Solar batteries are becoming popular additions to solar energy projects of all scales. When it comes to the way your solar panels, batteries, and inverters are all wired together on your property, there are two main options: alternating current (AC) coupling and direct current (DC) coupling. Both AC and DC coupling have advantages and drawbacks that are dependent on the specifics of your solar plus storage installation.
We are very excited to release a brand-new online tool for the solar industry: the EnergySage Buyer’s Guide – a first of its kind tool to allow consumers to research, compare and evaluate the price and quality of solar panels, inverters and batteries. To introduce you to our new product, I would like to give you some context for why we built the Buyer’s Guide and describe how we anticipate solar shoppers and industry stakeholders alike to use it.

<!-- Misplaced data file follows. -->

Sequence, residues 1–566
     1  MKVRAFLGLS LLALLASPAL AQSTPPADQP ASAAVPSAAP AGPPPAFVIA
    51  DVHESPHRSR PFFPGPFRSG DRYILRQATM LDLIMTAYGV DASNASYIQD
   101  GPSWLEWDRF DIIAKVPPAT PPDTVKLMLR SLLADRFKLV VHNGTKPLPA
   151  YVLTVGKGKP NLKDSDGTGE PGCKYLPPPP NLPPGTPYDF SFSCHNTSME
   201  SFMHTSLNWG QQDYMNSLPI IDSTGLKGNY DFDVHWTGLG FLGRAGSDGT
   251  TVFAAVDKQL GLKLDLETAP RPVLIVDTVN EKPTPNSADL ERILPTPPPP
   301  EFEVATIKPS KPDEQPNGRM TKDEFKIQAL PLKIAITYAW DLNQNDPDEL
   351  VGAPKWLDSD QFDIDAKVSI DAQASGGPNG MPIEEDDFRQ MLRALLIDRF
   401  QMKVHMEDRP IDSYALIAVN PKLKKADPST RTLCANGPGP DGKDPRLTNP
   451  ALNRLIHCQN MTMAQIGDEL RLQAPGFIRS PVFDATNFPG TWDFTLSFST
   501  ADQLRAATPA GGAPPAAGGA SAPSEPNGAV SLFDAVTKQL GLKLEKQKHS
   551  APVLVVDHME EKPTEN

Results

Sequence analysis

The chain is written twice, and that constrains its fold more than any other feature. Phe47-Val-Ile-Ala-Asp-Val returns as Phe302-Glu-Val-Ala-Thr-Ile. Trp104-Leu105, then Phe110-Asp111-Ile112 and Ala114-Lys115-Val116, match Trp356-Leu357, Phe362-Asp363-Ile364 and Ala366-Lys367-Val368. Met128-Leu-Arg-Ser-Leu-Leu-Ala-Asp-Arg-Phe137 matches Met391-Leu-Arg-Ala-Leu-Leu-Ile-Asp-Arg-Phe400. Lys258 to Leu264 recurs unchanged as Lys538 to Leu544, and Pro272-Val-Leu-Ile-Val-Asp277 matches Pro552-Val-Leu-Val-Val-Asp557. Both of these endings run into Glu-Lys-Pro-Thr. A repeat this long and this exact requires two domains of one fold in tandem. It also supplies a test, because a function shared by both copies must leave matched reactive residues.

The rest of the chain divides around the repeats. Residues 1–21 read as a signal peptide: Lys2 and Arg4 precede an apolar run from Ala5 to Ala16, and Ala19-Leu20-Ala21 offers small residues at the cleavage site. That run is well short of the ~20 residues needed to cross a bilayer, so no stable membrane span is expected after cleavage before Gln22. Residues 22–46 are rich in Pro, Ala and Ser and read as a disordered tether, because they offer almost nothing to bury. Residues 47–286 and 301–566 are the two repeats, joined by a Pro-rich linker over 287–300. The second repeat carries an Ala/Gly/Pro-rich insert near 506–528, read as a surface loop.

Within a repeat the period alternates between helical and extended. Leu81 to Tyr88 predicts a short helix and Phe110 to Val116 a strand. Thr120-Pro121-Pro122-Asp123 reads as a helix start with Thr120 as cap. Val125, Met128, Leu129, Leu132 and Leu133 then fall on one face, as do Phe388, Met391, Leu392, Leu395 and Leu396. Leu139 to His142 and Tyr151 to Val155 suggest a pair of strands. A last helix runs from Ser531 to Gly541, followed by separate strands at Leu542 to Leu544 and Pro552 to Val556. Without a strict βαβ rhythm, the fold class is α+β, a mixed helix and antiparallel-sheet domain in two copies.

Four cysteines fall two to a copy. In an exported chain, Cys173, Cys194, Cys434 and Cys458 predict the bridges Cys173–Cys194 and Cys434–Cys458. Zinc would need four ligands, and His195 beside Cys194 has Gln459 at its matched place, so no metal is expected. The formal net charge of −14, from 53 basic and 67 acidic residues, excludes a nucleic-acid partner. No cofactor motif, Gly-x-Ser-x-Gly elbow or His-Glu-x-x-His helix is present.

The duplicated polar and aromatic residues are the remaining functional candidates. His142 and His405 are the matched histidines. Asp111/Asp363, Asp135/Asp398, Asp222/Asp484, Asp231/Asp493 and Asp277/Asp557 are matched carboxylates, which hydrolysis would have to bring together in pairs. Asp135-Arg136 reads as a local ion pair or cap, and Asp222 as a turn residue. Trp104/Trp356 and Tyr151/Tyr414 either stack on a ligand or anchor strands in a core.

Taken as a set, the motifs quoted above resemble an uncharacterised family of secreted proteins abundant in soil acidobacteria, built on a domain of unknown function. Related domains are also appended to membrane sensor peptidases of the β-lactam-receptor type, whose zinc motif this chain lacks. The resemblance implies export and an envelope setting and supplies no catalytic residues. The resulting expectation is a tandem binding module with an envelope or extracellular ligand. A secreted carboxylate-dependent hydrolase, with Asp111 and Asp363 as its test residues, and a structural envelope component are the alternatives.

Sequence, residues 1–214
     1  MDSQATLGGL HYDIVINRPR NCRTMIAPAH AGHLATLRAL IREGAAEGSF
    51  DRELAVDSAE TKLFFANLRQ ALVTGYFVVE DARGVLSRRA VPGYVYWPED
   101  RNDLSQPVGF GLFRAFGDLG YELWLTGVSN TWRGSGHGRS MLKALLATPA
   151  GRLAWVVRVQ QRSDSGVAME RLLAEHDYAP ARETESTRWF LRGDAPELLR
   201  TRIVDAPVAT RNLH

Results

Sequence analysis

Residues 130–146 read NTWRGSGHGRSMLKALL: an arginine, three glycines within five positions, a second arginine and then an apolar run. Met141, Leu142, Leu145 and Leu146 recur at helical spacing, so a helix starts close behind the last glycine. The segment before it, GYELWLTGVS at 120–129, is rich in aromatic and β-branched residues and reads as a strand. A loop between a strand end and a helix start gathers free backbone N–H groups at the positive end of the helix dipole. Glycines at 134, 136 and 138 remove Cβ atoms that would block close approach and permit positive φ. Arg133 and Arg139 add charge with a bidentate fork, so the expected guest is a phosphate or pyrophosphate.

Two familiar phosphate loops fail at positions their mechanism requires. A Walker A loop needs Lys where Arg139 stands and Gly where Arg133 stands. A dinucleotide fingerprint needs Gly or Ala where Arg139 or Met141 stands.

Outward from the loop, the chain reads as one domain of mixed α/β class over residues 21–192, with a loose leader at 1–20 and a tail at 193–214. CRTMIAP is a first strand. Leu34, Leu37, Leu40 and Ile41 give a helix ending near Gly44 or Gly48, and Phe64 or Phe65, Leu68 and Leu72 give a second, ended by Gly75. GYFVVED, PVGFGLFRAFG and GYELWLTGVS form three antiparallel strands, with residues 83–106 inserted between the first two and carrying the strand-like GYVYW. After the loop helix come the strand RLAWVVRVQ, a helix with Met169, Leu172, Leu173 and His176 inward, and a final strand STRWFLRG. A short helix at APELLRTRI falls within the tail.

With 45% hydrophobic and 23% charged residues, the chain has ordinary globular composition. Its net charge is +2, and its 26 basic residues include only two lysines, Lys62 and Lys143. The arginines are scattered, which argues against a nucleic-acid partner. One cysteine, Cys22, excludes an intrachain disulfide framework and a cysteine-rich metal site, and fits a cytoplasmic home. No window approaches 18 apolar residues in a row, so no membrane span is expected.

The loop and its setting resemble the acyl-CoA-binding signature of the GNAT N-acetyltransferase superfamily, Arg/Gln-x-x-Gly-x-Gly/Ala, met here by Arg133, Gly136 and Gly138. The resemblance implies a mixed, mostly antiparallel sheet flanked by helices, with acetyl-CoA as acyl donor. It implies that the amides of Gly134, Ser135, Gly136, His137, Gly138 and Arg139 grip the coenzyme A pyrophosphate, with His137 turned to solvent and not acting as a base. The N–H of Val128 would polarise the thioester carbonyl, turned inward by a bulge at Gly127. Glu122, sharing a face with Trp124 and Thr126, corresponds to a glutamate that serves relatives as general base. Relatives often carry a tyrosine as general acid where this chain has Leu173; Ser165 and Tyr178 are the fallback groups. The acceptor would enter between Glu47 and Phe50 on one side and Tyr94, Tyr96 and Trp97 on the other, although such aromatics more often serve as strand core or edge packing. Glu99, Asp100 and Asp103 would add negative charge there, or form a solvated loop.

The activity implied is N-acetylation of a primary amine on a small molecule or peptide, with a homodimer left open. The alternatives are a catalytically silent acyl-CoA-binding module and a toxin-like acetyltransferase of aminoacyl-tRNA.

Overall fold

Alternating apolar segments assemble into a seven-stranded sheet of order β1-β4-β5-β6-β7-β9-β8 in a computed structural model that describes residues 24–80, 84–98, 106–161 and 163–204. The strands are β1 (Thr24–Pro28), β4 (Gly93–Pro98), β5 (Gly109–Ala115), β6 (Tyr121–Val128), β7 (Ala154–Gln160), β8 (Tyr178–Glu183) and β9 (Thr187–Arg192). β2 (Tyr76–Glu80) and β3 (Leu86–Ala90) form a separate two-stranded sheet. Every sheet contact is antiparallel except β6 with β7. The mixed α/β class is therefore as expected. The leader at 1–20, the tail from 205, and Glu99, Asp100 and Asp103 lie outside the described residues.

We at EnergySage are very excited to introduce to you our newest online, educational tool: the EnergySage Buyer’s Guide. Launched earlier this month, the Buyer’s Guide is a first-of-its-kind educational tool for researching and comparing different solar equipment. As a part of the product release announcement, we want to provide an explanation of what the Buyer’s Guide is, describe how you can use it, and offer some ways you might find it useful.
As a property owner, you are probably already familiar with a range of batteries–from the AAAs in your TV remote to the larger battery under the hood of your car that you hopefully rarely think about. Just as different types of batteries are most useful for different types of applications in your home, there is one type of battery that is ideal for being paired with solar energy systems: deep cycle batteries.
If you’re considering a home energy storage option, there are several types of batteries to choose from. In this article, we’ll compare two of the most common battery options paired with solar installations: lithium-ion and lead acid.